|Year of offer||2018|
|Subject level||Graduate coursework Level 5|
|Fees||Subject EFTSL, Level, Discipline & Census Date|
Negotiation is an essential skill-set for lawyers and the legal profession. Due to negotiations by lawyers, many civil and criminal law cases are settled before the parties even enter the courtroom. Lawyers negotiate on behalf of their client with other lawyers as well as third party non-lawyers. Lawyers must also negotiate internally with their own client as well as other parties to reach consensus. Negotiations also occur in various forms, from traditional settings such as conference rooms and courtrooms, to non-traditional settings such as e-mail and social media communication. Thus, the ability for lawyers to develop and utilise a negotiator's toolbox to negotiate within and among a broad array of environments are essential elements of the legal profession.
The aim of this subject is to acquaint students with the theory and practice of legal negotiations as they relate to the strategic legal process. This class will be highly interactive. Students will have the opportunity to read and discuss a variety of written materials, engage in a variety of negotiation simulations (involving role-playing scenarios, case hypotheticals, and experimental games), as well as become intricately involved in other negotiation-related scenarios and situations.
Classes will generally be comprised of (1) concepts/strategies (theory) presented; (2) simulation and role-playing scenarios applying such concepts/strategies (practice); and (3) a de-briefing of the two components (theory and practice). For the negotiation simulations to be as valuable and realistic as possible, preparation and active participation is expected by those negotiating and playing specified roles - for each participant's individual benefit as well as for the benefit of all class participants as a collaborative group.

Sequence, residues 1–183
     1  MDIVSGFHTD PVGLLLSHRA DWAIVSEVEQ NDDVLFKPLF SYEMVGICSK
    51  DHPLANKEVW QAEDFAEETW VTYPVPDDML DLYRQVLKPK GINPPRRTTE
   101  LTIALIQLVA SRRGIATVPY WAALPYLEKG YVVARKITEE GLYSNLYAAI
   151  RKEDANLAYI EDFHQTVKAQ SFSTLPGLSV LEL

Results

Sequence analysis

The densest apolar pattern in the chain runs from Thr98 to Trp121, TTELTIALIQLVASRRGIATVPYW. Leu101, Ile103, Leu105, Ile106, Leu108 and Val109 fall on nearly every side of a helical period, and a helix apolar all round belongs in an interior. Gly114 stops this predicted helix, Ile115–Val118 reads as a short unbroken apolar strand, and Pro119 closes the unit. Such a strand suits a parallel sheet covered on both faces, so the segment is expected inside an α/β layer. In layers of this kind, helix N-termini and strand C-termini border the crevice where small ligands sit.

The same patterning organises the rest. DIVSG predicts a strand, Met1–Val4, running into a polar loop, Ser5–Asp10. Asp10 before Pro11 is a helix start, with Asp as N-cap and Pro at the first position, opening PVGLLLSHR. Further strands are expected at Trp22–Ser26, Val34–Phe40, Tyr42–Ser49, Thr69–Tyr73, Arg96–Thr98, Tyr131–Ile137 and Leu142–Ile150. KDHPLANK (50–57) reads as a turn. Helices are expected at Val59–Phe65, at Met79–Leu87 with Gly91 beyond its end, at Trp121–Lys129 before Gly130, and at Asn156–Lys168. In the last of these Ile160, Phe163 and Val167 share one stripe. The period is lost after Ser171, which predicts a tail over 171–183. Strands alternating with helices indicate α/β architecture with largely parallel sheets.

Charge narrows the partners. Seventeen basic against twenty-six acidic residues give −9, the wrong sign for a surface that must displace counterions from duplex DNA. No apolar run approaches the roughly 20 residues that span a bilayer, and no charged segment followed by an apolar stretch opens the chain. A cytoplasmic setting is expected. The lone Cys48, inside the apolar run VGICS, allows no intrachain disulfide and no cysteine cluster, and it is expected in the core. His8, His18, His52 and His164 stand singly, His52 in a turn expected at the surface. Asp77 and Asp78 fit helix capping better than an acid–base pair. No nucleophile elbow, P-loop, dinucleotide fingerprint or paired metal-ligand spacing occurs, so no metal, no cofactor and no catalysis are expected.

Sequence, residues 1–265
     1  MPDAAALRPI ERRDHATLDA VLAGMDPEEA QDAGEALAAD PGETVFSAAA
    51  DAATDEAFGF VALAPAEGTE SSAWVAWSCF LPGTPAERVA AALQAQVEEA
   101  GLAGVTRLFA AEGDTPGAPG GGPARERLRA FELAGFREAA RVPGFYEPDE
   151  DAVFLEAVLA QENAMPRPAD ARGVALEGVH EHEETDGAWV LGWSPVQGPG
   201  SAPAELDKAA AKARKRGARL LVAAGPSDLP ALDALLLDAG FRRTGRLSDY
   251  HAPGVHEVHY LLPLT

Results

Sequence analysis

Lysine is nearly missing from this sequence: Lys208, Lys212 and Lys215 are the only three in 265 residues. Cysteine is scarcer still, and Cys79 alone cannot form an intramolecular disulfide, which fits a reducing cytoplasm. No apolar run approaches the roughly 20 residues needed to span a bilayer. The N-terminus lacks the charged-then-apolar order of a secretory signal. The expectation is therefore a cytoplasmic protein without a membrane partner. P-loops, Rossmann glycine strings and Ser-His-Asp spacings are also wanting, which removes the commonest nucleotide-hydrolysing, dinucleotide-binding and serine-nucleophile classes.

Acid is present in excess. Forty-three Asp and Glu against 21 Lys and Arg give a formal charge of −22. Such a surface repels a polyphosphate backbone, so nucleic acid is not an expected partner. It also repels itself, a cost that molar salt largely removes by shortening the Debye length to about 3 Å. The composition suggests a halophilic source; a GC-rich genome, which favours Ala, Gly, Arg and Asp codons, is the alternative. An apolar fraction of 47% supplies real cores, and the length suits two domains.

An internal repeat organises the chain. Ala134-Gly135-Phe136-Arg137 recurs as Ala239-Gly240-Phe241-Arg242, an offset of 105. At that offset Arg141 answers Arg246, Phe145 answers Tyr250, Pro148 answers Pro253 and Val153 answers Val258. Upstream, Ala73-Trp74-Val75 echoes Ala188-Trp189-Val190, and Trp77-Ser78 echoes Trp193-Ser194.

Intended learning outcomes
On completion of the subject students should have developed the following skills as they relate to the field of law:
- To analyse and apply competitive (positional bargaining) as well as collaborative (interest-based, problem solving) negotiation skill-sets as legal professionals;
- The ability to develop an advanced understanding of the nature of disputes, including ethical, cultural, and economic factors, in one or more legal jurisdictions;
- Possess a unique and critical awareness of the emotional and psychological encouragements and barriers to consensus building as well as those involving rational choice theory;
- Actively participate in a series of useful, interesting and challenging negotiation concepts, strategies, and simulation negotiation scenarios helpful in the field of law;
- Understand the role of lawyers and non-lawyers in identifying and using the negotiation process most appropriate to the particular dispute;
- Critically analyse the main theories of influence, sway, and negotiation and their application in the field of law and other related fields;
- Work effectively as a team member to resolve dispute resolution challenges as future legal professionals; and
- Identify and integrate ethical issues arising in dispute resolution contexts in the field of law.
On successful completion of this subject, students should be able to:
- Understand how conflict arises within and between legal and other related organisations;
- Apply and leverage the main theories related to conflict and its resolution within the contexts of organisations and other diverse environments within law;
- Analyse and synthesise negotiation theories, skill-sets, and studies, in conjunction with the ability to evaluate their respective usefulness as future legal professionals;
- Develop a value-added negotiation toolbox and confidence as negotiators for application in the legal field;
- Apply theories, models and frameworks to understand conflict, influence and negotiation within academic and professional legal settings; and